Mark Higginson

How attention flows on the web


05 July 2014

We’re a business, and if this wasn’t successful we would pull the plug. That we’re expanding this program as fast as possible should tell you something.

#### Should Coca-Cola quit its content marketing journey?

The above is a reference to my popular piece on Coca-Cola’s content marketing that popped up in a presentation by local Brighton agency Brilliant Noise recently. Bizarrely they chose a quote Ashley Brown, former group director of digital communications at Coca-Cola, left in the comments on my piece to substantiate their point-of-view that brands should be churning out content.

It’s a somewhat circular argument given that businesses do unsuccessful things all the time when they don’t understand the facts of the situation, which is what my original post had evidenced. Simply, the biggest obstacles aren’t ‘leadership, operations and content systems’ as stated in the presentation but entrenched viewpoints. If you’re job is to sell the idea of ‘content marketing’ as a solution to fragmenting attention then you’re part of the problem and no amount of data is going to convince you otherwise.

In the case of Coca-Cola, as far as we can see, the majority of their content doesn’t get shared. This means that anyone reading a post is a visitor who is aware of Coca-Cola for some other reason than the specific piece of content they’ve ended up clicking through to read from elsewhere on the site. The content therefore has limited incremental value to Coca-Cola beyond potentially reinforcing a perception in someone who is already aware of the brand. This content only gains potential value if it’s then shared by the reader with people who would not have otherwise visited the website. This is the social recommendation that carries the message to other people. If your content isn’t spreading and you aren’t a publisher, in that your core business is not getting people to look at pages on your website, then you’re wasting your resources.

The whole presentation from Brilliant Noise is very muddled. On the one hand there is talk of ‘taxonomy and ontology’ referencing this interesting post by Paul Rissen at the BBC. Wonderful stuff if you’re Charles Darwin or a publisher of thousands of items a day. For the rest of us the term ‘category’ or ‘tag’ will suffice quite nicely and we don’t need to worry much more about this. The subsequent speaker then states that you’re ‘not trying to emulate a publisher’ which confuses rather than clarifies given the main thrust of the argument throughout.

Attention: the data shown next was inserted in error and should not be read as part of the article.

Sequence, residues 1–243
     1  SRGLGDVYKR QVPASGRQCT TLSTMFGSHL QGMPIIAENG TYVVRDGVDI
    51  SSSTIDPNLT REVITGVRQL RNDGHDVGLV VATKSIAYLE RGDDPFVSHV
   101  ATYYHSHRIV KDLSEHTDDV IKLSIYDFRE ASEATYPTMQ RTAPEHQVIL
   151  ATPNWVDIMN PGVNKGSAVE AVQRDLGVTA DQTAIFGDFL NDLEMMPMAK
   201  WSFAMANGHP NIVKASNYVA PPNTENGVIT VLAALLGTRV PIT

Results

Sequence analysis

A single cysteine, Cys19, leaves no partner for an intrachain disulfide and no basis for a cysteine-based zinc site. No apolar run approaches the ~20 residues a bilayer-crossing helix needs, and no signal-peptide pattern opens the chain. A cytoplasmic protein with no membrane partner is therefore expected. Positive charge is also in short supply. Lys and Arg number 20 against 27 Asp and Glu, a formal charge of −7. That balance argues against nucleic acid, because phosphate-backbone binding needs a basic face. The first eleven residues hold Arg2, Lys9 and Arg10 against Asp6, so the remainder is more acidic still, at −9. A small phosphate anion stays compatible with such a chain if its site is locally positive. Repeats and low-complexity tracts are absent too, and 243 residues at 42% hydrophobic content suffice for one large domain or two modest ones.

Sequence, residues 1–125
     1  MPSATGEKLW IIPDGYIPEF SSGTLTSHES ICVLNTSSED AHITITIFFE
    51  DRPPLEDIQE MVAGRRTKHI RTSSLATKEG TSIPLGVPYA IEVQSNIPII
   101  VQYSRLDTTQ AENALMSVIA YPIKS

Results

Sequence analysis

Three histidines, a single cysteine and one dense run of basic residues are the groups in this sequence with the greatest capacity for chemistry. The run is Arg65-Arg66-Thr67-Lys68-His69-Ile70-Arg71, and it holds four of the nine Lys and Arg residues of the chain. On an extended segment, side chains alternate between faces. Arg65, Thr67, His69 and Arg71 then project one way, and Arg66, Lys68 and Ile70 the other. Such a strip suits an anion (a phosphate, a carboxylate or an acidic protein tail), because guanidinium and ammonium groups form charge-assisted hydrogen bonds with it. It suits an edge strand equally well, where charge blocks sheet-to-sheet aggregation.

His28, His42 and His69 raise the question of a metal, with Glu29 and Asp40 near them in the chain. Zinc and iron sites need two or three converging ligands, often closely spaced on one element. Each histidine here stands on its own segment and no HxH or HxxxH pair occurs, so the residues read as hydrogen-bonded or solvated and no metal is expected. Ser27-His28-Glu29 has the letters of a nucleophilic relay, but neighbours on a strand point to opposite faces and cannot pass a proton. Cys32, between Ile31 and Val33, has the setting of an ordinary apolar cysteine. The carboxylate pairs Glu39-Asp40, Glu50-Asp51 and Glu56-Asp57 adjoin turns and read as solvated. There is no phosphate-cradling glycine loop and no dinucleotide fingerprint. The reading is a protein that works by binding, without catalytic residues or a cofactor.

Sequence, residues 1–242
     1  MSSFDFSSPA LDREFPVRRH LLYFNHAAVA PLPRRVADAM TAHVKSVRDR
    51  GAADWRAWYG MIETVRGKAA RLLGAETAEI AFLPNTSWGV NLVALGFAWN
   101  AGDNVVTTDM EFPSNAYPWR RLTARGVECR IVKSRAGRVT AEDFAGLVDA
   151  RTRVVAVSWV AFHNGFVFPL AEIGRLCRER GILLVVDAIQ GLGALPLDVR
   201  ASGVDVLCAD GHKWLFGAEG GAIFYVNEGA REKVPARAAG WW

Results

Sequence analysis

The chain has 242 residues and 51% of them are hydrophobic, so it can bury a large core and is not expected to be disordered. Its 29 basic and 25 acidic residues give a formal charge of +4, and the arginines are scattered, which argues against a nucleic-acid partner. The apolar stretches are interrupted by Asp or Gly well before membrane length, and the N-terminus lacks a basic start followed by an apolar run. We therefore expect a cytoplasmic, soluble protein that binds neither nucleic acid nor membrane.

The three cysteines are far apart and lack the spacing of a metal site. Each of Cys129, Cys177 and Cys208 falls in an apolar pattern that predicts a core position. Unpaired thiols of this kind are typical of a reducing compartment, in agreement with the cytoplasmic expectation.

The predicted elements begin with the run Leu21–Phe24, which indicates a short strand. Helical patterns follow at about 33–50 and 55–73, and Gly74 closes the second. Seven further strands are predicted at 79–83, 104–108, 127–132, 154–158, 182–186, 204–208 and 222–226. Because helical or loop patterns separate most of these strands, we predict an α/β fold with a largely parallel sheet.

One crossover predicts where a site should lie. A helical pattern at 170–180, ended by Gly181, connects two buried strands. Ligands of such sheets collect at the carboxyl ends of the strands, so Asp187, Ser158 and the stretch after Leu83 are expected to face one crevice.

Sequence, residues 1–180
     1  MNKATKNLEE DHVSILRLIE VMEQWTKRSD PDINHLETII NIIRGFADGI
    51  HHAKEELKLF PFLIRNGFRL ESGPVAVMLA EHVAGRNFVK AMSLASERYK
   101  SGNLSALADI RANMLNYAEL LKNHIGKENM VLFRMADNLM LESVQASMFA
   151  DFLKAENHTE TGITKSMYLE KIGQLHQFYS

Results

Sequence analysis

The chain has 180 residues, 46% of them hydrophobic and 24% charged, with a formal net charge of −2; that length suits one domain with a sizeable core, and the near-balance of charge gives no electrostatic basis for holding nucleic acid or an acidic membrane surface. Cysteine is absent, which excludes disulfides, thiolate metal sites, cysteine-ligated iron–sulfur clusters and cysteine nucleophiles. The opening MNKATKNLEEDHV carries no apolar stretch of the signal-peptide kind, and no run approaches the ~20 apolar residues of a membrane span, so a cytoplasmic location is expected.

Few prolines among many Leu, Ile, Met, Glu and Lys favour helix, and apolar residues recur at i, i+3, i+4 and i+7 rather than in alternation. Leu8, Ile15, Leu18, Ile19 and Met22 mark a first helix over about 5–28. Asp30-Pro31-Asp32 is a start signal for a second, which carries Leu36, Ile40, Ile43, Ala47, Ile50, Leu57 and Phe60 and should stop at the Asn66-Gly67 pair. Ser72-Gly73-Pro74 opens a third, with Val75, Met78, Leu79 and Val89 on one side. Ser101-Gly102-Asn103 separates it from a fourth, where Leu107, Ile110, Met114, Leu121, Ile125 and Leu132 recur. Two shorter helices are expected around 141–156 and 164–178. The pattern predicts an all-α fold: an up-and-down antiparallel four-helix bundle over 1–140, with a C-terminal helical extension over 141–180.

The real moment for me was when Ken Punter of the University of Warwick asked for examples of brands doing this well who weren’t publishers or Red Bull. This was met with a pause that spoke volumes. The eventual response was: ‘we’re working with our current clients to get this in place’. I’d suggest if your claimed ability to model a ‘customer decision journey’ is actually viable you should be able to demonstrate several hundred examples per client of content being read, being spread and leading to a business benefit. Otherwise this is meaningless handwaving. If you’re going to emphasise the importance of measurement then put numbers against what you’re saying. The fact that zero examples were given we could go and look at online was exceptionally telling. This is an industry-wide problem and a typical marketers’ tactic of discussing the possible shape, size and weight of the elephant in the room without ever addressing who invited the elephant in the first place. I posted about this three years ago.

Behind the rhetoric of ‘digital this and that’ what you have here is an attempt to bolt-on what are ultimately very traditional and expensive structures to existing business marketing functions. This is good for agencies selling all the attendant services. Whether this actually helps your bottom-line is the perennial question. What you need is a clean-sheet reappraisal that looks at this without assuming the answer is the recurring expense of a content team. Such a team will leave you a minimum of hundreds of thousands of pounds out of pocket before you’ve even published your first piece that gets widely shared with people who may or may not be your potential customers.

If you want to find out what a clean sheet approach looks like get in touch with me and I’d be happy to talk you through what I’m working on.

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